Blue-Gray Centrofacial Hyperpigmentation
A 68-year-old man presented to a university dermatology department with an asymptomatic blue-gray discoloration of the centrofacial region. Physical examination revealed a blue-gray hyperpigmentation of the forehead, cheeks, nose, malar regions and chin (see the accompanying figure). The medical history revealed that the patient was diagnosed with ischemic dilated cardiomyopathy two years previously and was resuscitated from a syncopal episode associated with sustained ventricular tachycardia that was refractory to quinidine, disopyramide phosphate and procainamide. Results of routine laboratory tests were normal. A 3-mm punch biopsy specimen showed normal epidermis and a perivascular deposition of yellow-brown pigment within microphages in the dermis.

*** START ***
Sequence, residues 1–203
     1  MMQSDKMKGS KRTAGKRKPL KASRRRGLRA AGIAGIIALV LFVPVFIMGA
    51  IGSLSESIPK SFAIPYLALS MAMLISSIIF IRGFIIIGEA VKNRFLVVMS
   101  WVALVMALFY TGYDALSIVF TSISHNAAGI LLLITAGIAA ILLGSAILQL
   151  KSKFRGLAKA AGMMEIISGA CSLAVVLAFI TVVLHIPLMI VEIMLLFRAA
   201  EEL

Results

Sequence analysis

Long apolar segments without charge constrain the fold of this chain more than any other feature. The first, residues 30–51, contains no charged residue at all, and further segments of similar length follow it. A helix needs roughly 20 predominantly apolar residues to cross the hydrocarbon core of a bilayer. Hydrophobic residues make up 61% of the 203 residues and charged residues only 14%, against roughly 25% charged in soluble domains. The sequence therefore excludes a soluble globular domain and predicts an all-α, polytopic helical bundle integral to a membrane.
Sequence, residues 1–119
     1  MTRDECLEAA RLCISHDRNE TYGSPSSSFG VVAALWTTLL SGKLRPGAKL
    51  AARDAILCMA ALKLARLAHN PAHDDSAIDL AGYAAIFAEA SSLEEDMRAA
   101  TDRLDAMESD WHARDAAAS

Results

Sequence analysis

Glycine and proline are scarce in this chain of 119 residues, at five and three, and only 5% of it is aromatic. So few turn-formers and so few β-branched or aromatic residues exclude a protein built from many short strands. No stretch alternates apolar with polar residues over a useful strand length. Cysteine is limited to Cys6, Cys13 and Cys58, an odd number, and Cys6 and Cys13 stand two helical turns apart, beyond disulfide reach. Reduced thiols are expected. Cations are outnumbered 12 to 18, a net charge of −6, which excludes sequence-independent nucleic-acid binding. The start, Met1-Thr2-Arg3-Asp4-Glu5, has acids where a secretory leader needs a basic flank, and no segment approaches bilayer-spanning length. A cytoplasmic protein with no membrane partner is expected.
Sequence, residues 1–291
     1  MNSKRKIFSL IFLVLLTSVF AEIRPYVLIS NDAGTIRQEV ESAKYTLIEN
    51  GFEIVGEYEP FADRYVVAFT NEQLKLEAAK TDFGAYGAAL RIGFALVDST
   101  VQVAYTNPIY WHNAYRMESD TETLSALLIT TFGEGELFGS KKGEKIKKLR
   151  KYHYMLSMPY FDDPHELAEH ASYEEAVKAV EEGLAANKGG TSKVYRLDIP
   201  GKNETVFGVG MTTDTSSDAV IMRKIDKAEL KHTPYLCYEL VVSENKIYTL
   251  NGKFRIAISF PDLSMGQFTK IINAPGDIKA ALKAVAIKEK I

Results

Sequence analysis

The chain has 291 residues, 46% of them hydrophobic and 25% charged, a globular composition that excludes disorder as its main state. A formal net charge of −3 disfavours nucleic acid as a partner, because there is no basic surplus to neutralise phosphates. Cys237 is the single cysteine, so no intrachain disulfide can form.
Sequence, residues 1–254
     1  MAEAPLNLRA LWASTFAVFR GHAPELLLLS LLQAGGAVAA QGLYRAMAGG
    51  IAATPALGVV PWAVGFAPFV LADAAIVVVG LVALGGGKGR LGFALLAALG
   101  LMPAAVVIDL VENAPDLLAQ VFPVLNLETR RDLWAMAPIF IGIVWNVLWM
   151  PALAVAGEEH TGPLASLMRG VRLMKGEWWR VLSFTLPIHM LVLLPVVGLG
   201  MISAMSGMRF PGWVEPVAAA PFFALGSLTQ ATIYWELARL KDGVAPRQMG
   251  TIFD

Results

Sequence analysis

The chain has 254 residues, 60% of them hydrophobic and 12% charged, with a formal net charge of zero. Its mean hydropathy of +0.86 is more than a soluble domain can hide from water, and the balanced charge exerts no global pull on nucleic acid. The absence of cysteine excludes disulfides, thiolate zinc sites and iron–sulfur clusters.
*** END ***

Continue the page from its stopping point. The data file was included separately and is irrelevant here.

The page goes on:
Which one of the following is the correct diagnosis, given the patient’s history, the physical and skin biopsy findings?
A. Actinic lichen planus.
C. Amiodarone-induced hyperpigmentation.
D. Ashy dermatosis (erythema dyschromicum perstans).
For the answer visit ffap.
Actually I have seen a patient with this hyperpigmentation and it is very distinguishing feature of the disease. If you see it once, you can’t forget it.